A Tramp’s Philosophy
Sagacious Twaddle, and Occasional Insight by One with Erudition and Experience in Peregrination
Bart Kennedy’s 1908 A Tramp’s Philosophy was written as a distillation of his ideas and experiences into a concept for living. He includes insights on everything from religion to civilization to crime to his ineffable logic for rejecting modern society. The essays are organized by the themes that Kennedy revisited throughout his writing career: Society, Art and Beauty, Crime, Politics, and Work (or better said, Not Working).
Staid critics of the time often derided his work, “Mr. Kennedy has a wild and whirling imagination, a lurid imagination, and imagination that revels in tragedy. Also, he has declared war against the principle verb.” So said the “The Academy” (a literary review magazine in 1897), but Kennedy’s writing broke new ground in bringing slang and nuanced sarcasm to highlight the pretensions of his “betters.” His work gives us a rare glimpse into the late-Victorian era when any man of talent could become proclaim himself a Philosopher King.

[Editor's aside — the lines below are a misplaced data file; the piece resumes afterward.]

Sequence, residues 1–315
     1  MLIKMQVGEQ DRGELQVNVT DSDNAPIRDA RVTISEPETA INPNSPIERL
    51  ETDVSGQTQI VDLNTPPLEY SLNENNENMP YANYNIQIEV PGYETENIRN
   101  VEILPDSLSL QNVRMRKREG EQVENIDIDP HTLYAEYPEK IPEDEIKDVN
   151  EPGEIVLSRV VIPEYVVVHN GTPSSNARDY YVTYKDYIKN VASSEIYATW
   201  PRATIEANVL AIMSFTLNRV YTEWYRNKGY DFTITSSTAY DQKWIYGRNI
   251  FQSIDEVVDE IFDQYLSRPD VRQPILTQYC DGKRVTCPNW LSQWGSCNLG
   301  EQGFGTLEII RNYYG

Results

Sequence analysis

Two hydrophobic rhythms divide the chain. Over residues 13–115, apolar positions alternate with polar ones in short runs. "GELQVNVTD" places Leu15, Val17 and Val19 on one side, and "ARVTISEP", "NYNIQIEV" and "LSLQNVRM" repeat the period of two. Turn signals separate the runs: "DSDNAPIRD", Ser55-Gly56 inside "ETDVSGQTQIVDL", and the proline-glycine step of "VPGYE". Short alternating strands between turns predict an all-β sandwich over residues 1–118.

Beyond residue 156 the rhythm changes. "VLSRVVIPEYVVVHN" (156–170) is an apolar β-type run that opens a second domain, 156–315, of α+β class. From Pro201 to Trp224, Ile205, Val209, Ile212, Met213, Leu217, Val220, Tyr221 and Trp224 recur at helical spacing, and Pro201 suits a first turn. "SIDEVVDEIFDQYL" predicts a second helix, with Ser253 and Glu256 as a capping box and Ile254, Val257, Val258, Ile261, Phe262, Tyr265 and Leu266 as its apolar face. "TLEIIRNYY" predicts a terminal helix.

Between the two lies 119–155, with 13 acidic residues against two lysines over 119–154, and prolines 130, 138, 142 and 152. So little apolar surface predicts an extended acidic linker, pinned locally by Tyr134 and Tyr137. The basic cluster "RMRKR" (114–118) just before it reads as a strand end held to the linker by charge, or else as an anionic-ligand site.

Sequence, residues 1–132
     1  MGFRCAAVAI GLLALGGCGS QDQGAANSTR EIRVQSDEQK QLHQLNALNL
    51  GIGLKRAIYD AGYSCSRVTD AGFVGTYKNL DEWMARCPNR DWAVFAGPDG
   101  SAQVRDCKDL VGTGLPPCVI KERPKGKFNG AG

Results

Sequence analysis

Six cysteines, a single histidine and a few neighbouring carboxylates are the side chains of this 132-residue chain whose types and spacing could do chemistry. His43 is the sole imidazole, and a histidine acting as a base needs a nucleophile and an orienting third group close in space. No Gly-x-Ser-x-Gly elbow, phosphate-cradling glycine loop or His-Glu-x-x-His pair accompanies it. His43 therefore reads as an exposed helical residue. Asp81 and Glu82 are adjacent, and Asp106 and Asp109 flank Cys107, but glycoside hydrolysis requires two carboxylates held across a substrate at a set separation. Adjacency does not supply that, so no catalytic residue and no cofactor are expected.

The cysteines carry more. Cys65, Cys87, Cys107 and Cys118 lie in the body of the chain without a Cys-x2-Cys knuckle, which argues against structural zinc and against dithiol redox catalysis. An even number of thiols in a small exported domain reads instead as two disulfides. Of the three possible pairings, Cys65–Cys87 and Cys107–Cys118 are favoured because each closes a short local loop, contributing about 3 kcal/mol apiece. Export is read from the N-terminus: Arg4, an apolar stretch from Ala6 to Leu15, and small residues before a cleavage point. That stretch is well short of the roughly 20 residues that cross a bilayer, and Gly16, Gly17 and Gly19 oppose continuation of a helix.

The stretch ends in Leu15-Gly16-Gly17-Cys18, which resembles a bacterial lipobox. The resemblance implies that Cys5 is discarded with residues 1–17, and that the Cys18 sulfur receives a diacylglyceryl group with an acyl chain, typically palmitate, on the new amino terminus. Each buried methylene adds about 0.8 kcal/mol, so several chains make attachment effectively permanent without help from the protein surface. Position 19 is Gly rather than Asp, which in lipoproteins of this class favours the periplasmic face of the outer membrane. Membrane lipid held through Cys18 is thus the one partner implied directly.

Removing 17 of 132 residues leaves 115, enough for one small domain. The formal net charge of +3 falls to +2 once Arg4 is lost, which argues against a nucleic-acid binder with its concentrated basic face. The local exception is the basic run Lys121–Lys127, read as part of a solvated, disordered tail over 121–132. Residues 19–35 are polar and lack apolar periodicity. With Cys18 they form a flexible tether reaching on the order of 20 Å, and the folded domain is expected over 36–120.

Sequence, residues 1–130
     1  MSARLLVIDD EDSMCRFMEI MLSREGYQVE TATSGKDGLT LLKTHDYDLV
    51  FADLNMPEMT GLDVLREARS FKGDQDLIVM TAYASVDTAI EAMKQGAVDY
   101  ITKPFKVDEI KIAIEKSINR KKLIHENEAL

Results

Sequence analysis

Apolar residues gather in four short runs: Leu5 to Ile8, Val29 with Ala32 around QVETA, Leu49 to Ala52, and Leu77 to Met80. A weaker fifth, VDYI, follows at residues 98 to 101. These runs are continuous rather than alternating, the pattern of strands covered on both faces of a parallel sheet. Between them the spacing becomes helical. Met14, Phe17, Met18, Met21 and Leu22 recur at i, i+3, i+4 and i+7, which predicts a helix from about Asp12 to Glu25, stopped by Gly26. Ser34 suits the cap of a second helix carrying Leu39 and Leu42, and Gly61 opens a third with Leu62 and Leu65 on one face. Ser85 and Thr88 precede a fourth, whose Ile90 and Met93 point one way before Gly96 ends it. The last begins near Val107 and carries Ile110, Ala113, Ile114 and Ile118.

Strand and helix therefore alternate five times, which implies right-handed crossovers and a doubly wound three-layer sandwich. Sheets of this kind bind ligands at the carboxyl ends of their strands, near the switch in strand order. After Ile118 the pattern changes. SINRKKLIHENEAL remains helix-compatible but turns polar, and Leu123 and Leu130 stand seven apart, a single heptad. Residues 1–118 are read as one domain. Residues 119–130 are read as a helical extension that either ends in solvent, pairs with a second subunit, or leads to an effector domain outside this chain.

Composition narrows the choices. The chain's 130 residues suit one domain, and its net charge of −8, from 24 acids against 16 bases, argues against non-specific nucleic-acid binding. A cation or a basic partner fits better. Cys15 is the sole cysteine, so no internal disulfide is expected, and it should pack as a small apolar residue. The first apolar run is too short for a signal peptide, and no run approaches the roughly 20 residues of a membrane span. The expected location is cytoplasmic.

Bart Kennedy was born in Leeds, England, on March 9, 1861. He was raised in Manchester, where he began his career at the age of six, working part-time in a cotton mill. He worked in mills and machine shops throughout Manchester before joining the merchant navy as an able seaman in 1881. Jumped ship in Philadelphia, where he tramped and worked odd jobs throughout the United States. He was illiterate until his early twenties until a fellow tramp taught him to read. His travels included all of North America and Europe. Occupations included: oyster fisherman, gold miner, opera singer, actor, writer, lecturer, and builder.
“No social system or state can be really worth anything where the paramount aim is not to allow the individual to develop to the fullest, both mentally and physically. And this aim has never been the aim of any civilized state. … The aim of all civilized states has been to keep the masses in subjugation for the benefit of cliques. And this is as true of republics as it is of autocracies. … The money clique that rules America is more oppressive than is the Grand Ducal clique of Russia. It has a far worse effect on the American character.”